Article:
Subscribe to our newsletter

Boats

Viking 74 Convertible Page 2

Exclusive: Viking 74 Convertible — By Capt. Ken Kreisler — December 2004

When Bigger Is Better

Part 2: This boat isn’t just big and impressive, she’s well conceived, well executed, and well on its way to being one of the most successful Viking convertibles ever.

   
 More of this Feature

• Part 1: Viking 74
• Part 2: Viking 74
• Father & Son
• Viking 74 Specs
• Viking 74 Deck Plan
• Viking 74 Acceleration Curve
• Viking 74 Photo Gallery

 Related Resources
• Boat Test Index

 Elsewhere on the Web
• Viking Yachts

Speaking of the owner’s suite, Viking wanted it to take full advantage of the boat’s 19'9" beam. But the yard also wanted to provide easy access to it and the other staterooms. To do so, it created a starboard corridor instead of the conventional centerline companionway, which would be the convertible setup. “It’s a bit different than what you’d expect on a convertible, but we wanted the athwartships space for the master,” Frederikson said. Later, Healey explained the rationale behind that thinking: “We found more room by eliminating the centerline stairs and putting the master and port guest, just forward of the master, on one side of the hallway.” Yet another benefit is a day head just forward of the galley, and behind that, a large stowage area accessed through a door. You can never have enough stowage space, especially aboard a big, traveling boat like the 74.

As with the port-side guest stateroom and the forepeak VIP stateroom, the master offers an en suite head and plenty of stowage in drawers and cabinets. In addition, both the VIP’s queen-size berth and master’s king have large stowage compartments beneath the mattresses, accessed via hatches that lift easily on gas-assisted rams. All these quarters are more than just comfortable; they’re downright cushy and well-appointed.

Anglers and cruisers alike will appreciate the main-deck galley, featuring two standard undercounter Sub-Zero refrigerator and freezer units, expansive granite-topped food-prep spaces, and many drawers and cabinets, as well as the saloon’s 50-inch Sony plasma TV, seating areas, and furnishings. But touring those spaces would have to wait, as I heard the diesels come to life. We were about to leave, and better yet, I was go­ing to be at the wheel.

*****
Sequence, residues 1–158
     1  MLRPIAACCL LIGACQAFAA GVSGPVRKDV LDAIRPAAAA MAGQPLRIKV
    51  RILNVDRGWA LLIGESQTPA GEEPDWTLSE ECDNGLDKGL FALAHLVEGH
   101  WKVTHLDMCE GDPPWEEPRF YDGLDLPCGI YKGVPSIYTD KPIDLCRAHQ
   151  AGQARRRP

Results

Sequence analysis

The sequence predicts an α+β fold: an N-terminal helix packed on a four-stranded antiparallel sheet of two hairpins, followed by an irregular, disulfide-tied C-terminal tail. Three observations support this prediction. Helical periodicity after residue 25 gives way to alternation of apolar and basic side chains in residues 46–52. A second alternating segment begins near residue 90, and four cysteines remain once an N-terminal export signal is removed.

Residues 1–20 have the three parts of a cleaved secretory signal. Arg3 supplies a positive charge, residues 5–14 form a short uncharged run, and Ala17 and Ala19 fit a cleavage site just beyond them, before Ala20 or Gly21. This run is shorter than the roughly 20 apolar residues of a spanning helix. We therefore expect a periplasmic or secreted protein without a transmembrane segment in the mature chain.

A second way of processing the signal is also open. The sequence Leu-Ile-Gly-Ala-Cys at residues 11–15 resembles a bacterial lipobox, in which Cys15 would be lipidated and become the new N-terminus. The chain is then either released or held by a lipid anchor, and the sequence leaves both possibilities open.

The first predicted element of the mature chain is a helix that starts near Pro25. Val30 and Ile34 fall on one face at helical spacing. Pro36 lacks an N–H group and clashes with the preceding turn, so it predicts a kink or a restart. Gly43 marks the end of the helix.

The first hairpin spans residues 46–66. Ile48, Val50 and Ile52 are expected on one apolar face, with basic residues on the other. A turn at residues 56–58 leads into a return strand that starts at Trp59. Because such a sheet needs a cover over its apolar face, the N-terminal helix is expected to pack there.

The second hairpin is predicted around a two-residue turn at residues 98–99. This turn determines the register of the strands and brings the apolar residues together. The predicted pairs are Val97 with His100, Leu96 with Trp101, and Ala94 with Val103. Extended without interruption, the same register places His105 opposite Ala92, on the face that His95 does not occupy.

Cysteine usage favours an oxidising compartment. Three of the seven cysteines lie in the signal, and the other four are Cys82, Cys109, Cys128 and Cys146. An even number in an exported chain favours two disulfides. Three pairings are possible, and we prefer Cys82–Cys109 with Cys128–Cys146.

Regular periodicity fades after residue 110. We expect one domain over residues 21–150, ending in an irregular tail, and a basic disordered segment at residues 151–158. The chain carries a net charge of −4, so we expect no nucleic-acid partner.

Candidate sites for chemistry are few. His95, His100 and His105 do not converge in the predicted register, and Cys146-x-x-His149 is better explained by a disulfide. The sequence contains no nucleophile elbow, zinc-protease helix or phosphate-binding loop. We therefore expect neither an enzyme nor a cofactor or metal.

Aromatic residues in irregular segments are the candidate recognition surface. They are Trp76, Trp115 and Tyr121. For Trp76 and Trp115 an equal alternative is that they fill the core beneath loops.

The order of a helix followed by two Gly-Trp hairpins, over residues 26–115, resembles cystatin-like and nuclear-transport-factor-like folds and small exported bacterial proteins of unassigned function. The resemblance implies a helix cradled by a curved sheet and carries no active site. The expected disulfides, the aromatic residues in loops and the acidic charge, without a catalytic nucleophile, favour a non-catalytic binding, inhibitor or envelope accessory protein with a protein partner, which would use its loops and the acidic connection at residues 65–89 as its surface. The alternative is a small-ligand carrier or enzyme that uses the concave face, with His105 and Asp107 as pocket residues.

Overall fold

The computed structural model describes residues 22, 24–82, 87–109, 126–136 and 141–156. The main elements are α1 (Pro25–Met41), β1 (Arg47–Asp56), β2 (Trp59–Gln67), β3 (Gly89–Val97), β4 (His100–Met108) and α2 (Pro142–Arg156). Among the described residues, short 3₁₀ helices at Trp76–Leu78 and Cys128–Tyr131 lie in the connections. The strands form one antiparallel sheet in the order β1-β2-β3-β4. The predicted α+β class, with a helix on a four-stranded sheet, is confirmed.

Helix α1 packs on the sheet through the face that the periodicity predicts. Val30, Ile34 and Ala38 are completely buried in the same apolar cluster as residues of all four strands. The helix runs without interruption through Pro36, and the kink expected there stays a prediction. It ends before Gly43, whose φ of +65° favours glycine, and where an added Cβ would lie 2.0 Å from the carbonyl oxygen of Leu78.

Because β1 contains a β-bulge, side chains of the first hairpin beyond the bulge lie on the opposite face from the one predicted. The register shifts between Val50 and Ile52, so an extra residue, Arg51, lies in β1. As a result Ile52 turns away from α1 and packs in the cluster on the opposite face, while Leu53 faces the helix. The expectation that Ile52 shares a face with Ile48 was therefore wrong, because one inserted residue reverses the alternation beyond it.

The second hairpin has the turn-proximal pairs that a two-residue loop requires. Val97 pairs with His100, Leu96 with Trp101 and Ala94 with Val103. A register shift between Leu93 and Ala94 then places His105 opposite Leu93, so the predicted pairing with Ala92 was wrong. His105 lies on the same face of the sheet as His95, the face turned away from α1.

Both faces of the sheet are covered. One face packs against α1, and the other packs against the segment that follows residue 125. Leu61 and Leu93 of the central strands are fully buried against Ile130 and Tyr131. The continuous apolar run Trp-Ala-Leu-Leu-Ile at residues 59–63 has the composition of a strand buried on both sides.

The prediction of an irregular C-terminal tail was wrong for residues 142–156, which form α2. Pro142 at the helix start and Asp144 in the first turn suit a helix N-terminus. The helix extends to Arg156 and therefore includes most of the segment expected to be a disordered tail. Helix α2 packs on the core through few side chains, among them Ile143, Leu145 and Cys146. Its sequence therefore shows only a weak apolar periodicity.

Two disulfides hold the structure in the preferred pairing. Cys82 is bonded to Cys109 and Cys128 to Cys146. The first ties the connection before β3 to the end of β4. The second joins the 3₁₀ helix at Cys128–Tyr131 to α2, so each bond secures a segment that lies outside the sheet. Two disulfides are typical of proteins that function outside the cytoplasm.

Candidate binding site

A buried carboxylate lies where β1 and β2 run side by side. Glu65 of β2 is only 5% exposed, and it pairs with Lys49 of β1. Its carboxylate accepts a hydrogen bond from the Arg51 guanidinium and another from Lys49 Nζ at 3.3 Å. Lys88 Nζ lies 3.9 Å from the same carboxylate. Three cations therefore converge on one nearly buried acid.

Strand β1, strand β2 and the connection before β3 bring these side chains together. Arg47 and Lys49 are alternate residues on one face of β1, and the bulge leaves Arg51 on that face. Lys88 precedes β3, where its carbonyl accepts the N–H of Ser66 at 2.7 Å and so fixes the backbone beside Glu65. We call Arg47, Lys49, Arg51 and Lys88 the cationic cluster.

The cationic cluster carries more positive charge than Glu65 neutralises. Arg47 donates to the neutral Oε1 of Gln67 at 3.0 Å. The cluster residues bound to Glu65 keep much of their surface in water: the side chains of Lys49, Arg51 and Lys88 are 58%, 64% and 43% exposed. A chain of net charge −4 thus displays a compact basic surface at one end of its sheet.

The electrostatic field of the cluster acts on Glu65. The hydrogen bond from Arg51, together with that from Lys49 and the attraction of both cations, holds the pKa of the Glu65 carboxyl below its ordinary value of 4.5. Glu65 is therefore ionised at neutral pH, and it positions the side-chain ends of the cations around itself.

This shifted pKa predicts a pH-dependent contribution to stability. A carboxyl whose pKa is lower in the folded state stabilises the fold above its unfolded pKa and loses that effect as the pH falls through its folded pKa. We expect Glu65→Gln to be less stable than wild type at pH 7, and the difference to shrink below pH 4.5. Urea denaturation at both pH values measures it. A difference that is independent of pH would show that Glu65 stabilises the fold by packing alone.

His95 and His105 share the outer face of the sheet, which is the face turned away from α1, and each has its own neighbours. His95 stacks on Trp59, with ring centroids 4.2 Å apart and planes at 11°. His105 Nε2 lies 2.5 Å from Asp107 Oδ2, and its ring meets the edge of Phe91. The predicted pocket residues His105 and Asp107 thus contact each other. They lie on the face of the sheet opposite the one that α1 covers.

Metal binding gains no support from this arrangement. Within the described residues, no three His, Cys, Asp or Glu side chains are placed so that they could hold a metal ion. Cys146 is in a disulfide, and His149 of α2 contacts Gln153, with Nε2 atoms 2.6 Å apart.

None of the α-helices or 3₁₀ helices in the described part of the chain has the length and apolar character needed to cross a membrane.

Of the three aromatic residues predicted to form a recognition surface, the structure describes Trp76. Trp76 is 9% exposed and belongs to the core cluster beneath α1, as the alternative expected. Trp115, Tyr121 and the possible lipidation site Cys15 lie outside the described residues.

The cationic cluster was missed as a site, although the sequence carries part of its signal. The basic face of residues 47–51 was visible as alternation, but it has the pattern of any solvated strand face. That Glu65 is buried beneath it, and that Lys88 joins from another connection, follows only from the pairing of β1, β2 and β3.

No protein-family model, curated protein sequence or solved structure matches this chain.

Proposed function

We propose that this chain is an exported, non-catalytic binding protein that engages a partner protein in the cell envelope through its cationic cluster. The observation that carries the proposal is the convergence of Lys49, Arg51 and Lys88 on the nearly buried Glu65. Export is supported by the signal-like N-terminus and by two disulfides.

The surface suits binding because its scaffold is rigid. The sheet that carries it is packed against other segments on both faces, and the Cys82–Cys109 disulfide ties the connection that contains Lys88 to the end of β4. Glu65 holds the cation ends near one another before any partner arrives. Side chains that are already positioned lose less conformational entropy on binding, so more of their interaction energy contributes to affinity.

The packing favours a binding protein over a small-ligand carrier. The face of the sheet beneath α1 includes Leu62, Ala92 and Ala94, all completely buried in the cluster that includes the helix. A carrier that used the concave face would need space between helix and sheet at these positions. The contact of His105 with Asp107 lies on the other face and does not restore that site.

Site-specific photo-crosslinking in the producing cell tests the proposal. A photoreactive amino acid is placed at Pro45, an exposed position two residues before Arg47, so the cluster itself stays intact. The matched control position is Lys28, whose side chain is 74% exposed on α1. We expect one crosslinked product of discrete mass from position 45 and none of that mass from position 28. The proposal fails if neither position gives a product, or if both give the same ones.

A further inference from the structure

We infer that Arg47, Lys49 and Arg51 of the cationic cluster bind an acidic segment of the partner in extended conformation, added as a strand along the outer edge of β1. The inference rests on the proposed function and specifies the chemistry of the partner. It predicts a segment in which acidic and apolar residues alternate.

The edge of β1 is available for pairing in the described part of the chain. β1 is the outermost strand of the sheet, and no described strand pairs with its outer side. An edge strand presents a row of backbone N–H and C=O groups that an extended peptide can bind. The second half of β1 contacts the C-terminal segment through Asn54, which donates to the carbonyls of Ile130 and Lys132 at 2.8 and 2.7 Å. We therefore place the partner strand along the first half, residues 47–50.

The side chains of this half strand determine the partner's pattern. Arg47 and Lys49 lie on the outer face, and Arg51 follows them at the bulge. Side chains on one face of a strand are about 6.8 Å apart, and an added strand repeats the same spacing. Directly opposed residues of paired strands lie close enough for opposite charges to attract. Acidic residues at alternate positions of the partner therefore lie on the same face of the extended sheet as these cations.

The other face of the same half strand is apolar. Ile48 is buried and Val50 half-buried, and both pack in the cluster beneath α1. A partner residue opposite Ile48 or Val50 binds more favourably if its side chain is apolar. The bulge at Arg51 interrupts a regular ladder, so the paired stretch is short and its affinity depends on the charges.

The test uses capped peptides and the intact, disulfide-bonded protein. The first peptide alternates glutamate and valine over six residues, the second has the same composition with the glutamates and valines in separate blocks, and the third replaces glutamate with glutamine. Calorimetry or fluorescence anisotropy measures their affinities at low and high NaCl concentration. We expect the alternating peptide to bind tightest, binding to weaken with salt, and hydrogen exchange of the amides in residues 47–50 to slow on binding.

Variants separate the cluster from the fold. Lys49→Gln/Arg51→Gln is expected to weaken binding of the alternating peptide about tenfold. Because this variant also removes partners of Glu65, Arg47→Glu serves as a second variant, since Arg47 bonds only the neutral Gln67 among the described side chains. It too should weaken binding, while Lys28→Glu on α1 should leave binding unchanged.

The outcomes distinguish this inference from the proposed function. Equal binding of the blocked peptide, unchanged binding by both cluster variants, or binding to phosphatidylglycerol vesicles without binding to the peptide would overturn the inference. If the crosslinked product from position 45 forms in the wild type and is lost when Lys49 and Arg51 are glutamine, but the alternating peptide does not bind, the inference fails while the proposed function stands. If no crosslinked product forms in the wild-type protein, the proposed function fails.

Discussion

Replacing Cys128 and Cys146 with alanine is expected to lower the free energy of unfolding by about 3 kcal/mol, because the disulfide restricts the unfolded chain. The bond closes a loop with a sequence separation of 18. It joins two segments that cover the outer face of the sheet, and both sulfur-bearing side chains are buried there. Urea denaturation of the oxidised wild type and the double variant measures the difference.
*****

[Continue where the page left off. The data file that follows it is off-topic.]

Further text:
By the time I made it out to the cockpit, the crew was already removing our lines and winding in the shore-power cords on one of two Glendinning Cablemasters. Our captain quickly negotiated two jogs to starboard, and we were clear of the marina.

Honestly, I can’t imagine too many things more exciting for a boater than taking the wheel of a 135,000-pound (with 1,500 gallons of fuel and full water), 74-foot convertible and running her up to a top speed of more than 44 mph. Heck, her fast cruise (at 2250 rpm) was better than 42 mph, and with the seas off Atlantic City dead calm, she tracked straight and true, carved S-turns, and shrugged off hard-over 360s. With an optional 600 gallons of fuel added to the 74’s standard 2,400-gallon capacity, our 74 had a calculated range of 544 NM, and dropping back to 2000 rpm (just over 37 mph) added 100 miles to that number. And her bridge is just as well executed, with a centerline helm, expansive console with room for plenty of electronics, and ample seating and stowage, including a top-loading freezer at the forward end of the console, which can hold food and/or bait. Sightlines were great all around.

As we go to press, Viking says it already has orders for 13 74s, some with the optional enclosed bridge. Little wonder. This boat isn’t just big and impressive, she’s well conceived, well executed, and well on its way to being one of the most successful Viking convertibles ever. Perhaps, if the author of that small-is-better expression had seen the Viking 74, he might have rephrased it into something like, “Great things can come in big packages.”

Viking Yachts Phone: (609) 296-6000. www.vikingyachts.com.

Next page > Father & Son > Page 1, 2, 3, 4, 5, 6, 7

This article originally appeared in the November 2004 issue of Power & Motoryacht magazine.

Related Features